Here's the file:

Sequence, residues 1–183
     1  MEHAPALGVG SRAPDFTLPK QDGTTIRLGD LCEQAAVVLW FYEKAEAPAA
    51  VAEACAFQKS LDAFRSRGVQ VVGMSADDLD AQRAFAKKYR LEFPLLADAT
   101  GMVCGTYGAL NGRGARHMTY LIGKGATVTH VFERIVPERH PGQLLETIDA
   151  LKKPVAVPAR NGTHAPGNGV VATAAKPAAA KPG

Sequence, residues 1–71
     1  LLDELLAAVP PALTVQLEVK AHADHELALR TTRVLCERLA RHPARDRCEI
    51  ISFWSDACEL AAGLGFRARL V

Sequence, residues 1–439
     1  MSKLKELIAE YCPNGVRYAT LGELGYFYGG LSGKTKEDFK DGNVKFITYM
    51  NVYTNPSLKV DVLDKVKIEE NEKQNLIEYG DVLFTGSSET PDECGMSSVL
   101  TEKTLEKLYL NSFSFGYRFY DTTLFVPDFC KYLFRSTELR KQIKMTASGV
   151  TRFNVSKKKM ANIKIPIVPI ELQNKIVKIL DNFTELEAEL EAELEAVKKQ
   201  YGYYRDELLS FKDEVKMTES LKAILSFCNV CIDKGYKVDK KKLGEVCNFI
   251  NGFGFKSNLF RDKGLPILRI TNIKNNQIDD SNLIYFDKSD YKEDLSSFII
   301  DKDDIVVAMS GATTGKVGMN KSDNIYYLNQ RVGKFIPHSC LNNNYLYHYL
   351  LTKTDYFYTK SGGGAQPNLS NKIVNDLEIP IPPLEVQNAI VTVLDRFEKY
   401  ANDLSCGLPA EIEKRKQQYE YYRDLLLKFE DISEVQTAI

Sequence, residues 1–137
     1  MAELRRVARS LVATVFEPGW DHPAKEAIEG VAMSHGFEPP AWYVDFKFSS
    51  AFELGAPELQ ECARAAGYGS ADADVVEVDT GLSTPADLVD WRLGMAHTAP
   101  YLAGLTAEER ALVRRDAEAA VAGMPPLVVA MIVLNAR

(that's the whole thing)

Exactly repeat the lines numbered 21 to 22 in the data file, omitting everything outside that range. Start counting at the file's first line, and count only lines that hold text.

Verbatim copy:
    51  AFELGAPELQ ECARAAGYGS ADADVVEVDT GLSTPADLVD WRLGMAHTAP
   101  YLAGLTAEER ALVRRDAEAA VAGMPPLVVA MIVLNAR